Eckert commented during the presentation, which was broadcast online: "Obviously, we have to see how the costs play out, but right now, I'd say we haven't really been surprised by anything."
When he was asked if business conditions are better or worse since Mattel reported its first-quarter results in April, Eckert said: "I don't see anything that's really been a game changer in terms of what we expect this year."
Mattel anticipated higher costs as it has priced its toys, averaging a low to mid-single digit price increase so far, Eckert said.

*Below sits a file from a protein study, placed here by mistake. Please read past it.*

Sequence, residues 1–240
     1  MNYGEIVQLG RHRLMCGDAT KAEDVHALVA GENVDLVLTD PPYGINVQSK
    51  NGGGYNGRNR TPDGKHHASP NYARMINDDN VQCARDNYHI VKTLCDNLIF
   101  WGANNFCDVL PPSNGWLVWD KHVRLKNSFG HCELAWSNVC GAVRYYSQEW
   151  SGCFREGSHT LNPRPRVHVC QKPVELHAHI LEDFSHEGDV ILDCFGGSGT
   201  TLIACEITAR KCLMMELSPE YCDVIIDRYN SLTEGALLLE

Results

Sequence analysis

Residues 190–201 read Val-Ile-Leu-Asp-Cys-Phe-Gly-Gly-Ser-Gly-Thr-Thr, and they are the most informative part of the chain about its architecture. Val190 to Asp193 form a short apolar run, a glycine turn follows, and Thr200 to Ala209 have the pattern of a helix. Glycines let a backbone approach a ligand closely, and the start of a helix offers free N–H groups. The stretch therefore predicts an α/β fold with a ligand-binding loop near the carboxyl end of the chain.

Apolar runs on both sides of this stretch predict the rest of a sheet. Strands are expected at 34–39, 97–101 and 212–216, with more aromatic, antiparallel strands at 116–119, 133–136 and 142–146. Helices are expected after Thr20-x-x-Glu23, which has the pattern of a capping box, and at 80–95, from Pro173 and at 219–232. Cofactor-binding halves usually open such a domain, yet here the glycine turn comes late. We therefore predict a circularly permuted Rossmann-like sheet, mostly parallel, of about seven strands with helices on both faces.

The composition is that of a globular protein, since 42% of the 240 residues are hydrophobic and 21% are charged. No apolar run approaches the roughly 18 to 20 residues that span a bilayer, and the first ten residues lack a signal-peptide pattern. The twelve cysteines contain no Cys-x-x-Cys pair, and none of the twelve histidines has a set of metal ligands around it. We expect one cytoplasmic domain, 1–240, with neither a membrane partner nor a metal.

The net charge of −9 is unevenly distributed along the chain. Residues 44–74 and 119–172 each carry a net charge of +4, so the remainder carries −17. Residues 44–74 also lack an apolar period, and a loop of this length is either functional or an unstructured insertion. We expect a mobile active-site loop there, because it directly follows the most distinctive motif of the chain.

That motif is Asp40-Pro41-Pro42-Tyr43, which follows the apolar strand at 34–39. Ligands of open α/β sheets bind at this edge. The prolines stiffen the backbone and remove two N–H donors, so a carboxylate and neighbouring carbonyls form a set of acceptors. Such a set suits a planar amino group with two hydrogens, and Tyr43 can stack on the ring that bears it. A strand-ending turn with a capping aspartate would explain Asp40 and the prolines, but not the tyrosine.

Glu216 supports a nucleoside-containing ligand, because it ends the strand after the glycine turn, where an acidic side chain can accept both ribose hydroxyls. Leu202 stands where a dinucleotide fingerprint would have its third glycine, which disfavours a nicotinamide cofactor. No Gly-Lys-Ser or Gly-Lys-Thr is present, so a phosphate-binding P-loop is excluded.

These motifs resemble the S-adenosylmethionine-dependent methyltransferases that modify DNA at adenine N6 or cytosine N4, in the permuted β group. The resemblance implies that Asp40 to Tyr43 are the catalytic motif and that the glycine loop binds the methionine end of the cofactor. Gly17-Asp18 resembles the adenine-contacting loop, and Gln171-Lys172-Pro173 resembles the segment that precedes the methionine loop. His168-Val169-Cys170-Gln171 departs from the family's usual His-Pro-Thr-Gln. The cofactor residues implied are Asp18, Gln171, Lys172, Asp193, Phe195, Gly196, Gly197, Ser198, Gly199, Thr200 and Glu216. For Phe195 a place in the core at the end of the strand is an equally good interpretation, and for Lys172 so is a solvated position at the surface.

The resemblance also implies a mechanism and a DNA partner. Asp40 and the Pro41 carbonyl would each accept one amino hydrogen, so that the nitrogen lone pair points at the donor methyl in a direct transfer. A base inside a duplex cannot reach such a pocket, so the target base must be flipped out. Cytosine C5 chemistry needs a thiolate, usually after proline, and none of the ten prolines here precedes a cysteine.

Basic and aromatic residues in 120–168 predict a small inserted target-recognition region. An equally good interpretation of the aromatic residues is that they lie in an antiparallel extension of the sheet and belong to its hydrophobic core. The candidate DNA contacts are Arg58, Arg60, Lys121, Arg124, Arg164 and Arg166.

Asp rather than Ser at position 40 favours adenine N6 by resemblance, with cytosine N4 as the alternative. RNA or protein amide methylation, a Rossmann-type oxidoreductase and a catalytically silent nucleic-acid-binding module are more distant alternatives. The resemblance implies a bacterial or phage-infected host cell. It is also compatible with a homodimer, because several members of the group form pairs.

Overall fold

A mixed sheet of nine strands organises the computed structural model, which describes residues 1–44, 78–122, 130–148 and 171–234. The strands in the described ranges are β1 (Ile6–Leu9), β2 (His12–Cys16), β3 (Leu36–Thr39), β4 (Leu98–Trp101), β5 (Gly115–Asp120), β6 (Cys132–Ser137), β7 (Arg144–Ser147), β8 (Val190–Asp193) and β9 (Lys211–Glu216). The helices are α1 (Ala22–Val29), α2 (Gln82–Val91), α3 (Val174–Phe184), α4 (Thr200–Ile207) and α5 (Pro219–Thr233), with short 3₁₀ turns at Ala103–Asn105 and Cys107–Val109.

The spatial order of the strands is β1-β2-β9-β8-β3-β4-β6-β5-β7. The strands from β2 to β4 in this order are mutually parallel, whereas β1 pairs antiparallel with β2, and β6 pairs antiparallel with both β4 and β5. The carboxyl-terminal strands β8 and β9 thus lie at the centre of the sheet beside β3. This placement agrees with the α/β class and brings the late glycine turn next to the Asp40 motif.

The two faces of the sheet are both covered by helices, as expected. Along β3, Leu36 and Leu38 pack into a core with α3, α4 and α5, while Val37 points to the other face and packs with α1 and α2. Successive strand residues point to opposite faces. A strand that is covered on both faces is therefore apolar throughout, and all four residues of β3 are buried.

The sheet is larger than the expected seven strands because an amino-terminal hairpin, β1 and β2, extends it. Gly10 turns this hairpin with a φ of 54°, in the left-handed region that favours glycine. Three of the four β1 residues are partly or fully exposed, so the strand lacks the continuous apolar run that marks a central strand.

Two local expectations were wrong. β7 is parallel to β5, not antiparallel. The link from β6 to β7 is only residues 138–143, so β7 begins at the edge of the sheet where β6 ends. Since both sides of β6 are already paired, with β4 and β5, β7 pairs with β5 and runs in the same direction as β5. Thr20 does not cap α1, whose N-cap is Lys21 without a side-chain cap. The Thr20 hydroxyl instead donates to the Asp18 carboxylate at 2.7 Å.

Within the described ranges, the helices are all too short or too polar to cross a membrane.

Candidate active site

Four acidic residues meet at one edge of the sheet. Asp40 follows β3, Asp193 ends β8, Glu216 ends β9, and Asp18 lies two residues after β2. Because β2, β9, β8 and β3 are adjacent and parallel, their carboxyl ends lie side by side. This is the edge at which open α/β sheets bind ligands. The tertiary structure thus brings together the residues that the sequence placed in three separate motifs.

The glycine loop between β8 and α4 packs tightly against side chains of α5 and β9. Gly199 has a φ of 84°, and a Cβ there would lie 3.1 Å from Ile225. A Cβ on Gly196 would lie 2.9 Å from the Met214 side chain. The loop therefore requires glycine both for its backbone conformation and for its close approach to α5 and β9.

And while the strengthening dollar relative to the euro hurts revenue and profit, strength in other currencies has largely offset the impact, he said.
The firm's execs have outlined a long-term goal to grow sales by low to mid-single digit percentages and also reiterated the long-term profitability goals, targeting gross profit at about 50 per cent of revenue and operating profit at 15 to 20 per cent of revenue.
Mattel also intends to maintain its advertising spending at around 11 to 13 per cent of sales and to limit selling, general and administrative expenses at about 20 per cent of sales. Executives did not define 'long term.'